Slideshow 12 cities where high home price inequality may actually be a good thing

Published
  • July 23 2018, 5:57pm EDT
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Income inequality is a significant challenge facing America. But when it comes to real estate values in local markets, significant home price inequality may actually be a good thing, according to LendingTree.

A larger gap between the least and most expensive properties in a market means homebuyers have more purchasing options. When a real estate market booms — like the tech hubs along the West Coast — the lower home values rise, causing more equality in prices, but all homes become less affordability.

"Inequality is the defining economic debate of our times," said Tendayi Kapfidze, chief economist at LendingTree, in a press release. "Since 1980, the majority of income growth in the United States has accrued to the top of the income scale, a trend that accelerated following the 2007-2008 financial crisis. Home values have finally recovered from the most recent housing crisis to the extent that affordability is now a concern. In many large cities, the median-priced home is now out of reach of median income households."

LendingTree conducted a study comparing home prices in the 50 largest metro areas in the country. The cities were ranked by the Gini coefficient, a commonly used statistical measure of distribution. The coefficient ranges from 0 (complete equality where every value is the same) to 1 (complete inequality, where one entity has 100% of the value and all others have none). A higher Gini coefficient here means more inequality in housing prices.

The study also analyzed the values of the 5th and 95th percentile of home prices and provided the ratios between them to show another measure of home price inequality.

From the Rust Belt down to Alabama, here are the 12 housing markets with the biggest disparities in home prices. Midwestern cities with recovering housing markets head the list, with higher Gini coefficients and ratios between their 5th and 95th percentile home prices.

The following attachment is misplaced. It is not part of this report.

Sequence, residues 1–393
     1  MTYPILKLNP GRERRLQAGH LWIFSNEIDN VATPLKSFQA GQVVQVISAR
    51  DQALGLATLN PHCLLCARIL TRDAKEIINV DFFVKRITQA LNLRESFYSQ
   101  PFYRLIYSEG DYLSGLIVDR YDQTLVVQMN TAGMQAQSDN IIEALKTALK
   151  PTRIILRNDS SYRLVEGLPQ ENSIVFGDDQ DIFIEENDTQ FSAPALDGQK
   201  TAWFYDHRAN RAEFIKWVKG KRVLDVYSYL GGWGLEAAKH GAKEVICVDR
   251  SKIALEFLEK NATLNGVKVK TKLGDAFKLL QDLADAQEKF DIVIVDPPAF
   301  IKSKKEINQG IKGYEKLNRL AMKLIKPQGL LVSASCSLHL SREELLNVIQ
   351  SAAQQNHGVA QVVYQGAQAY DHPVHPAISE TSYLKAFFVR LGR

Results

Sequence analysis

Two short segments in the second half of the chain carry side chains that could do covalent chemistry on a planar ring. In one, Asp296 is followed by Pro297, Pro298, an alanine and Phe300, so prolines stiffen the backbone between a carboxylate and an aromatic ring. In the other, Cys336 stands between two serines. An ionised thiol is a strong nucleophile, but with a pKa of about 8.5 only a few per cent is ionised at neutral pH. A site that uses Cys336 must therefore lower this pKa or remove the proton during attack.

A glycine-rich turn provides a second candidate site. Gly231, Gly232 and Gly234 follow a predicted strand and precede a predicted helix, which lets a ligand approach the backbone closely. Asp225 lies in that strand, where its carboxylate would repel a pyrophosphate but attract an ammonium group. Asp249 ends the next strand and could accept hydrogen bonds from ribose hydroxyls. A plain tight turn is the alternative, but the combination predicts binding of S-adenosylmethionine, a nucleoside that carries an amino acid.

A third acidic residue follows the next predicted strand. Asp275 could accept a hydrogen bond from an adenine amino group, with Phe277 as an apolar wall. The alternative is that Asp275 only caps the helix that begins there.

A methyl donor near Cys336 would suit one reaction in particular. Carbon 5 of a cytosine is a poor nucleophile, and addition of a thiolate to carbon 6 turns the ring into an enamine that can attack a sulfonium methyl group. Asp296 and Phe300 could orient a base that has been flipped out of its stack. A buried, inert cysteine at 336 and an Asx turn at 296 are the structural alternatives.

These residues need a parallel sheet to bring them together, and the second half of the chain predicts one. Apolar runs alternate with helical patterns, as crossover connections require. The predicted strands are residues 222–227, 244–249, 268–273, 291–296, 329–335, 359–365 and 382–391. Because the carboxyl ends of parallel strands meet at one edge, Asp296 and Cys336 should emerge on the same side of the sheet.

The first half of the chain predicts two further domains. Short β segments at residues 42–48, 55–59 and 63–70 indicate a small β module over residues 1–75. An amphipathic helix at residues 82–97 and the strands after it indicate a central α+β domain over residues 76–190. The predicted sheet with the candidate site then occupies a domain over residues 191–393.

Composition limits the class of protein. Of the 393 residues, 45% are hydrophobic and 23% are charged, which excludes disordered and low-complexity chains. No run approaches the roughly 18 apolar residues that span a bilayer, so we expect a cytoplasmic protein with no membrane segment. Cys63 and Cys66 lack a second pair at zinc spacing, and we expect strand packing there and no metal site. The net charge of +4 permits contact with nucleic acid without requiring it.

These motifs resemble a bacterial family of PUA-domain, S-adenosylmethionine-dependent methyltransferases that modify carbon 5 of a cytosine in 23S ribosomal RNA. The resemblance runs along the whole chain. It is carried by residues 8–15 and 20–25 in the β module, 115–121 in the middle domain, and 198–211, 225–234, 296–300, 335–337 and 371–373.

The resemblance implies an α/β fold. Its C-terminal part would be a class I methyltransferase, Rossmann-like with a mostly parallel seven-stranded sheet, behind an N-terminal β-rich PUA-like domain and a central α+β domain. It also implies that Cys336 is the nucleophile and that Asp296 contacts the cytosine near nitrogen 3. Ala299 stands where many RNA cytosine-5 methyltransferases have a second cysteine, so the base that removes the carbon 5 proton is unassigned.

No. 12 Atlanta, Ga.

5th percentile home price: $75,000
95th percentile home price: $620,000
Ratio (95th/5th): 8.3
Gini Coefficient: 0.347

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No. 11 Jacksonville, Fla.

5th percentile home price: $52,000
95th percentile home price: $533,000
Ratio (95th/5th): 10.3
Gini Coefficient: 0.349

No. 10 Charlotte, N.C.

5th Percentile Home Price: $80,000
95th Percentile Home Price: $653,000
Ratio (95th/5th): 8.2
Gini Coefficient: 0.351

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No. 9 Kansas City, Mo.

5th Percentile Home Price: $40,000
95th Percentile Home Price: $398,000
Ratio (95th/5th): 10
Gini Coefficient: 0.352

No. 8 Chicago, Ill.

5th Percentile Home Price: $68,000
95th Percentile Home Price: $668,000
Ratio (95th/5th): 9.8
Gini Coefficient: 0.355

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No. 7 Pittsburgh, Pa.

5th Percentile Home Price: $53,000
95th Percentile Home Price: $471,000
Ratio (95th/5th): 8.9
Gini Coefficient: 0.367

No. 6 Memphis, Tenn.

5th Percentile Home Price: $39,000
95th Percentile Home Price: $423,000
Ratio (95th/5th): 10.8
Gini Coefficient: 0.370

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No. 5 Cleveland, Ohio

5th Percentile Home Price: $41,000
95th Percentile Home Price: $401,000
Ratio (95th/5th): 9.8
Gini Coefficient: 0.374

No. 4 St. Louis, Mo.

5th Percentile Home Price: $43,000
95th Percentile Home Price: $493,000
Ratio (95th/5th): 11.5
Gini Coefficient: 0.379

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No. 3 Indianapolis, Ind.

5th Percentile Home Price: $44,000
95th Percentile Home Price: $445,000
Ratio (95th/5th): 10.1
Gini Coefficient: 0.385

No. 2 Birmingham, Ala.

5th Percentile Home Price: $45,000
95th Percentile Home Price: $518,000
Ratio (95th/5th): 11.5
Gini Coefficient: 0.392

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No. 1 Detroit, Mich.

5th Percentile Home Price: $32,000
95th Percentile Home Price: $431,000
Ratio (95th/5th): 13.5
Gini Coefficient: 0.446